The Supreme Court last week considered a case involving two family disputes. One was a love triangle that turned dangerous. The other was the perpetual push-and-pull between the states and the federal government to define their proper roles. The justices must make sure they do not aggravate the latter in addressing the former.

In 2006 and 2007, Carol Anne Bond tried to poison the mother of her husband’s child. Bond spread a caustic combination of easily obtainable chemicals on doorknobs, car handles and a mailbox. Myrlinda Haynes, the target, burned her thumb on tainted mail. Postal inspectors set up surveillance cameras and caught Bond in the act.

Federal authorities tried her for violating a law Congress passed to bring the United States into compliance with the Chemical Weapons Convention, a treaty meant to eliminate the use of weapons of mass destruction.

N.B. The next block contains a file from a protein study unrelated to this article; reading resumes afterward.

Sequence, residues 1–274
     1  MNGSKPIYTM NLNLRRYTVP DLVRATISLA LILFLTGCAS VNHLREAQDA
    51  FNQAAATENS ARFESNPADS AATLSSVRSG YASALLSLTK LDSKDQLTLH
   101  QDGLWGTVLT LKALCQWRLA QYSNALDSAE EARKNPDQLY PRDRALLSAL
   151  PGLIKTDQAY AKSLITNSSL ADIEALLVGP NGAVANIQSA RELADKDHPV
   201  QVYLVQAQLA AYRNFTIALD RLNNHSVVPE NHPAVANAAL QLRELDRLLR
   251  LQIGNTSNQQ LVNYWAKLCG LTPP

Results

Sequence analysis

Federal officials should have left it to local authorities to pursue lesser, more appropriate charges against Bond. Instead, Bond served six years in federal prison.

Now, she is challenging her conviction by claiming that the government intruded into a state matter. Her advocates argue that the Constitution reserves policing powers for the states.

In response, the U.S. government made a strong case that it must have authority to enforce treaties. Otherwise, its ability to commit the country to valid pacts with other nations on matters of international concern would degrade.

Both sides are right. We hope the justices find a way to rebuke the overreach without undermining the authority of the president and Congress to negotiate and apply treaties.